Death’s got an unblemished fight record.
That’s the undercurrent of Derek Palacio’s tightly-wound novella HOW TO SHAKE THE OTHER MAN (Nouvella, 2013). The book traces the stories of Javi and Oscar, two men with two very different loves for Marcel, a gregarious Cuban entrepreneur who is murdered outside one of his coffee stands. To Oscar, Marcel was an older brother. To Javi, Marcel was a lover. At Marcel’s request, Oscar teaches Javi how to box. The entire book is set in the wake of Marcel’s death, and in the days leading up to Javi’s first fight.
And so the two men do battle, in their own ways, with Marcel’s absence. He’s the titular ‘other man’ each character tries, and fails, to shake. Most of the book looks backward: Marcel’s exile from his Catholic family in Miami and Javi’s time as a male prostitute are both laid bare in vivid prose. Palacio shines when capturing the small details that make the heartbreak real: the spilled post-coital coffee or the shirt button fingered absently while speaking with the police.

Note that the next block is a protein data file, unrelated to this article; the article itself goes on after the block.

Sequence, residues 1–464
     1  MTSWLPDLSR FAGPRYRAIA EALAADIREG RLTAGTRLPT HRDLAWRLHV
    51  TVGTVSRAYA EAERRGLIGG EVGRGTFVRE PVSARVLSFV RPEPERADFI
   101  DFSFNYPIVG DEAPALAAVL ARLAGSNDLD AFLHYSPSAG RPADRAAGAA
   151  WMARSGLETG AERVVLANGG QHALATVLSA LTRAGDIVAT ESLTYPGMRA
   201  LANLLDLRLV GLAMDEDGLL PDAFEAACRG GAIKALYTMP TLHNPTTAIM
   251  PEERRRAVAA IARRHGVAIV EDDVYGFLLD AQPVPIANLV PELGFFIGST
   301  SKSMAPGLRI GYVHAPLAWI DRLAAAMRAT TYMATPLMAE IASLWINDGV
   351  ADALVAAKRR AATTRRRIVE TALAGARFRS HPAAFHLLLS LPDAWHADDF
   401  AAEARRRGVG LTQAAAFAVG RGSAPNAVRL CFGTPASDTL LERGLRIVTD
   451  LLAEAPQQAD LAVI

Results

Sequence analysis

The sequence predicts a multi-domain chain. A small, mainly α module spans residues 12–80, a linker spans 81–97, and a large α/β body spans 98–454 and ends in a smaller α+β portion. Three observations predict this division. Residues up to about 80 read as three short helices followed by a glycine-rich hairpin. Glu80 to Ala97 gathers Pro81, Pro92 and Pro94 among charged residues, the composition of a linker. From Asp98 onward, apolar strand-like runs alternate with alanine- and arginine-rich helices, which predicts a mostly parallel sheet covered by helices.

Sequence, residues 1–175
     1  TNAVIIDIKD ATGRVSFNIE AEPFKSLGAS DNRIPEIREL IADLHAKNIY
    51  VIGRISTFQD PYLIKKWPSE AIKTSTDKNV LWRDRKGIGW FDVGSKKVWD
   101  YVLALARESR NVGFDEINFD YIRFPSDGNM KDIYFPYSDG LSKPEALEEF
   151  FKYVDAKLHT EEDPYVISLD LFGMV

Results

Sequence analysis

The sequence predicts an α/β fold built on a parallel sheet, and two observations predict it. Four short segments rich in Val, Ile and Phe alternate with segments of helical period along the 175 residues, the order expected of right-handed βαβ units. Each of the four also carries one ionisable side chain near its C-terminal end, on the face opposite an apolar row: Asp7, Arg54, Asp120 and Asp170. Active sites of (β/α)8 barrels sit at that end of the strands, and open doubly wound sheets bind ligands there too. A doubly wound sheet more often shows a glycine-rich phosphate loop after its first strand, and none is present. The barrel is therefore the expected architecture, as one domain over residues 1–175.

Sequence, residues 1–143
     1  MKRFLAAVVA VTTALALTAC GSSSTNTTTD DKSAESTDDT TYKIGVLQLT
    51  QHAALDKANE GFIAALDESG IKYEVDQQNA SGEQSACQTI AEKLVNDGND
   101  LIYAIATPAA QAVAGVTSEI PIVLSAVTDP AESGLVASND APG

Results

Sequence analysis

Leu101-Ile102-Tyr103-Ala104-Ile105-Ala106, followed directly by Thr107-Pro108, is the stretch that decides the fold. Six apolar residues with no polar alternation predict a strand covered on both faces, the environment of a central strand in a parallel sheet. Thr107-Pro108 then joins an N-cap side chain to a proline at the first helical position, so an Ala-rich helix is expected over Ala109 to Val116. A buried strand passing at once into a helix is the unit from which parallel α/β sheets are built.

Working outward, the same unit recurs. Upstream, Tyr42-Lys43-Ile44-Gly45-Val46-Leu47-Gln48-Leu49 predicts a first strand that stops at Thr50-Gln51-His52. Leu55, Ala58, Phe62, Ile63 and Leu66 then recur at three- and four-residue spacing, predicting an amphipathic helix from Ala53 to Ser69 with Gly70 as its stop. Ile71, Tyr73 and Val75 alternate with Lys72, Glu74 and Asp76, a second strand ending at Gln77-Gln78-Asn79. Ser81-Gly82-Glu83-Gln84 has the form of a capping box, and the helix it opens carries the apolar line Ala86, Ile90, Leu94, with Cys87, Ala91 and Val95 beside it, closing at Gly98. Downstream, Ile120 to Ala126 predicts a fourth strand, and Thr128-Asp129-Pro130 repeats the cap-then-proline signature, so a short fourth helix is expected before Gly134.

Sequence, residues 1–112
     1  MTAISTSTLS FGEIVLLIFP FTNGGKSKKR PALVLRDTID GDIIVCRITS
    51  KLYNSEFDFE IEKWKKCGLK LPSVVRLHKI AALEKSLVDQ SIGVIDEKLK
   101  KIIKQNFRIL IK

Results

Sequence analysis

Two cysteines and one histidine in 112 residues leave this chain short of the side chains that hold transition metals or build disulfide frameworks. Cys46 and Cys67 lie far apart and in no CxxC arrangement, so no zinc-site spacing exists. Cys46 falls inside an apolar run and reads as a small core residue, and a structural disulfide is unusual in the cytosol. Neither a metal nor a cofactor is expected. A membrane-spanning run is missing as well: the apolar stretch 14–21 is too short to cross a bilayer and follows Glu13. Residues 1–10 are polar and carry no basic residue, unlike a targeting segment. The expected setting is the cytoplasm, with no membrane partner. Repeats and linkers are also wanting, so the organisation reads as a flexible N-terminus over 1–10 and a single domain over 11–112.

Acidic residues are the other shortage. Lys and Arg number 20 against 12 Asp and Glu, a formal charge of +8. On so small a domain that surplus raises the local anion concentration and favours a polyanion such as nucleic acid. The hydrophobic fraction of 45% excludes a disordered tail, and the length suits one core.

There’s always been a symbiotic relationship between writing and boxing, perhaps because the latter lays bare some of the crucial stuff that makes the former so compelling. The sport is man vs. man, the most basic grist for the fiction mill. Upon a simple foundation, though, you can build some pretty expansive stuff (cf. the essays of A.J. Leibling). That’s what Palacio does here. He’s an expert technician—a counter-puncher, to extend the metaphor—and this book is a vivid glimpse, a single round of a longer, more devastating fight.